Chosen to become an icarus at age seven, Taya has spent her life as a messenger of the skies. Icarus fly on feather-light wings made of the precious metal ondinium, delivering mail throughout the three provinces of Ondinium: Primus, Secundus, and Tertius. As a way to protect its citizens, Ondinium has been divided into a many-layered social structure teeming with rules and codes of behavior, ranging from the lowest manual laborers to the highest or Exalteds who must wear heavy robes and masks in public to protect their purity (!). As an icarus, Taya is granted the unique position of residing outside of the different castes in order to fulfill her duties as a messenger.
When a cable car malfunctions, Taya is on hand to rescue an exalted and her son which unexpectedly puts her directly in contact with the exalted's family - including the lady's two cousins, the brothers Alister and Cristof Forlore. Both brothers seem interested in Taya and she's not really sure what to make of either of them: Alister the charming and handsome politician or Cristof who has rejected his caste and now fixes clocks in one of the rougher parts of town. Ondinium has always been plagued by spies and terrorists, but when a series of bombings and murders occurs, Taya is forced to work closely with the Forlore brothers who definitely are not what they seem.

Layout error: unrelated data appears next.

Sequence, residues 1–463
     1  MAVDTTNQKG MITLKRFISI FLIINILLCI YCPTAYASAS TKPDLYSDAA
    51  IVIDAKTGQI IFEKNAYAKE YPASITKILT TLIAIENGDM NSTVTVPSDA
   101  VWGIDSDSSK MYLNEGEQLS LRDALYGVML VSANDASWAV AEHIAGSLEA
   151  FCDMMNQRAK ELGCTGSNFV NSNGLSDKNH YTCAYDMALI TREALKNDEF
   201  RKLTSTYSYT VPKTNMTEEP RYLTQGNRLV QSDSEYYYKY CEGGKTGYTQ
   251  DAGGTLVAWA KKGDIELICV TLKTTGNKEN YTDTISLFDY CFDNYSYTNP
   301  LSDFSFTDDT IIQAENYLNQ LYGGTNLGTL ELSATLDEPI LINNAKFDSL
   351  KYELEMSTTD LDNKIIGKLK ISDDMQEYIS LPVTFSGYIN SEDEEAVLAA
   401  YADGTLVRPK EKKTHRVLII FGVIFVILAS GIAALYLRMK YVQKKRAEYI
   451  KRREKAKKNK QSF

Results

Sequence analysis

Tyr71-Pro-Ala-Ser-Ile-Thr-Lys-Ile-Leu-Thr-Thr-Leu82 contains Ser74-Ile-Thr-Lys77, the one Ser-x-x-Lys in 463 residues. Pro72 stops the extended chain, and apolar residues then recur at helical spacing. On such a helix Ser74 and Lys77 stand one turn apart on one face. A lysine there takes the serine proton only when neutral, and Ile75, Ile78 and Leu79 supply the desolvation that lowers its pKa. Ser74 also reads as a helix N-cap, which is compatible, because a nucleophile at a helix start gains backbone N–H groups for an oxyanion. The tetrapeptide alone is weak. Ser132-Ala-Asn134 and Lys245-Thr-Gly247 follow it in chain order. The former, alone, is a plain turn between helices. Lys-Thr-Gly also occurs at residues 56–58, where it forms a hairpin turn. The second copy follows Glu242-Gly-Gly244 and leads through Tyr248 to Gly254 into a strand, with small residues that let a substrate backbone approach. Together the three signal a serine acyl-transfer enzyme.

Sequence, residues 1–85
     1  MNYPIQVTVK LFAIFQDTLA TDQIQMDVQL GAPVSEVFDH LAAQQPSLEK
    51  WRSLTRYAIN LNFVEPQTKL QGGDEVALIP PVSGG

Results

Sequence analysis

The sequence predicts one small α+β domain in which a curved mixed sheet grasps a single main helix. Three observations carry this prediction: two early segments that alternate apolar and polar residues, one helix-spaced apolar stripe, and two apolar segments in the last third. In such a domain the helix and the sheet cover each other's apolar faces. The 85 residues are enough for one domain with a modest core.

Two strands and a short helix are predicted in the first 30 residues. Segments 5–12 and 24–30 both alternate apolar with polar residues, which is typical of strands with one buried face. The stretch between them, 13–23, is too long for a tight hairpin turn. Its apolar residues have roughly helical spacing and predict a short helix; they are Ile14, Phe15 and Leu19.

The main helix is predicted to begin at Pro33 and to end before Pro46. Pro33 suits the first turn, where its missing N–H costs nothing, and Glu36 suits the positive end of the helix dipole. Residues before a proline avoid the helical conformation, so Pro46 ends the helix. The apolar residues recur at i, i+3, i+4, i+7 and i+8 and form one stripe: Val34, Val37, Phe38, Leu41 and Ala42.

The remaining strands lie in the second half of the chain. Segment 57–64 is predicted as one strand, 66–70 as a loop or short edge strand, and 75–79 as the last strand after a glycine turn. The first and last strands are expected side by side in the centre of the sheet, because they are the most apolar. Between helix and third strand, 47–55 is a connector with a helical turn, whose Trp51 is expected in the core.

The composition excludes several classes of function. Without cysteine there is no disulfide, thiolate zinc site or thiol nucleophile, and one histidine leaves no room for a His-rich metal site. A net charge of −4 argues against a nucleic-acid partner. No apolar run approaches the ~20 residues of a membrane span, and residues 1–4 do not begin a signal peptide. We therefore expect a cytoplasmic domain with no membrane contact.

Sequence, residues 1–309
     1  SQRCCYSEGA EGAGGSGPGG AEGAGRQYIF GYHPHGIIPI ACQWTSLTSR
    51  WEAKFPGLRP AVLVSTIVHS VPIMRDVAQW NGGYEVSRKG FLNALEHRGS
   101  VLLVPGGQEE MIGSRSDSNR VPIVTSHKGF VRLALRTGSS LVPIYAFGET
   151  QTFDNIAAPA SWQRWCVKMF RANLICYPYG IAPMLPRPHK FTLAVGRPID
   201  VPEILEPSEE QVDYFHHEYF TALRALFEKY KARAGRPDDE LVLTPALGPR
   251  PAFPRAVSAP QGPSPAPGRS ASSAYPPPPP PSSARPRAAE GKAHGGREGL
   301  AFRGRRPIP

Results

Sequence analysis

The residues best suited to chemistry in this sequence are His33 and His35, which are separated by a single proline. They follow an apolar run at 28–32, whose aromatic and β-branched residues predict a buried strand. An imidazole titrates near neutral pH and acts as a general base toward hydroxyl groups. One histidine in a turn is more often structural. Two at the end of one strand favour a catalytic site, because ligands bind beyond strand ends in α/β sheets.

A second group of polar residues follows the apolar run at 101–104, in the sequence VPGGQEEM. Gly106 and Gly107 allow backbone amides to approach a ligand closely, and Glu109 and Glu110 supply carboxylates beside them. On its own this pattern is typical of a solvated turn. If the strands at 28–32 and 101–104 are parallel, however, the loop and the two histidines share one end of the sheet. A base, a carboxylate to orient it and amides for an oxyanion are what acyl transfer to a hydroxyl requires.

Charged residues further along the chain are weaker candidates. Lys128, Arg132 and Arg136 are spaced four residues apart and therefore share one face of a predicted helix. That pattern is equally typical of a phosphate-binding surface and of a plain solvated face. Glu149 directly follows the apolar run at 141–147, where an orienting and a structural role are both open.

This was the first Steampunk novel I've tried and it left me feeling a little underwhelmed. The premise caught my attention quickly enough, however, the characters and plot itself failed to really capture, and ultimately more important, keep my interest. I had to really force myself to continue reading and that's never a good sign. My mind often wandered while reading and I ended up creating all these random connections to other things: the province names Primus, Secundus and Tertius reminded me of the brother's names in Stardust and I kept thinking about the 2000 election and the eternal debate over torn chads every time the Great Engine's programming was explained. (Ondinium uses a type of punch card to run a steam-powered computer/engine.) Taya as a character held much promise on the surface: a girl who files around on metal wings who can cross class lines is a pretty good start, but she just never took flight for me. She had her moments, but I kept wondering how the story would have been handled if another author had written it.
Since one of the components of Steampunk seems to involve romance, I was hoping for a good love story at the least. Again I was disappointed as I never really felt any sort of connection between either of the Forlore brothers and Taya. Not to mention the continual awkwardness of two brothers falling for the same girl. Eek - I wasn't buying it.
Please don't take this to mean Clockwork Heart was all bad - there were plenty of interesting scenes with promise. Overall, I just felt like the story could have been a little tighter. On the plus side, I loved the cover: the wings, the girl with the gear in her chest - awesome. I just kept hoping the story would measure up...